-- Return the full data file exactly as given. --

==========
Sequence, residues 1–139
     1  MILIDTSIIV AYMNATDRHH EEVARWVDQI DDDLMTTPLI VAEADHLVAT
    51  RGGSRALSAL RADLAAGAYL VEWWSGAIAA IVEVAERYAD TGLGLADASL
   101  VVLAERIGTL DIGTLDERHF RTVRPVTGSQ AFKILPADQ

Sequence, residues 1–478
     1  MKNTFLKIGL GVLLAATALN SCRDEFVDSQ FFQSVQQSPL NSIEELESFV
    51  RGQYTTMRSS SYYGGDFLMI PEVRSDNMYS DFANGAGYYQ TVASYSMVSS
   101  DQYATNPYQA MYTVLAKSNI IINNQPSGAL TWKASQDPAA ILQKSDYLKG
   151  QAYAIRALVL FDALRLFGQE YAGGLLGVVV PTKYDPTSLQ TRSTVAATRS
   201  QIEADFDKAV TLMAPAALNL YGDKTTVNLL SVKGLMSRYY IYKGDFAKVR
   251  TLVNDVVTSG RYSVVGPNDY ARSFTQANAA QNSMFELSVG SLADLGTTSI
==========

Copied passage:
Sequence, residues 1–139
     1  MILIDTSIIV AYMNATDRHH EEVARWVDQI DDDLMTTPLI VAEADHLVAT
    51  RGGSRALSAL RADLAAGAYL VEWWSGAIAA IVEVAERYAD TGLGLADASL
   101  VVLAERIGTL DIGTLDERHF RTVRPVTGSQ AFKILPADQ

Sequence, residues 1–478
     1  MKNTFLKIGL GVLLAATALN SCRDEFVDSQ FFQSVQQSPL NSIEELESFV
    51  RGQYTTMRSS SYYGGDFLMI PEVRSDNMYS DFANGAGYYQ TVASYSMVSS
   101  DQYATNPYQA MYTVLAKSNI IINNQPSGAL TWKASQDPAA ILQKSDYLKG
   151  QAYAIRALVL FDALRLFGQE YAGGLLGVVV PTKYDPTSLQ TRSTVAATRS
   201  QIEADFDKAV TLMAPAALNL YGDKTTVNLL SVKGLMSRYY IYKGDFAKVR
   251  TLVNDVVTSG RYSVVGPNDY ARSFTQANAA QNSMFELSVG SLADLGTTSI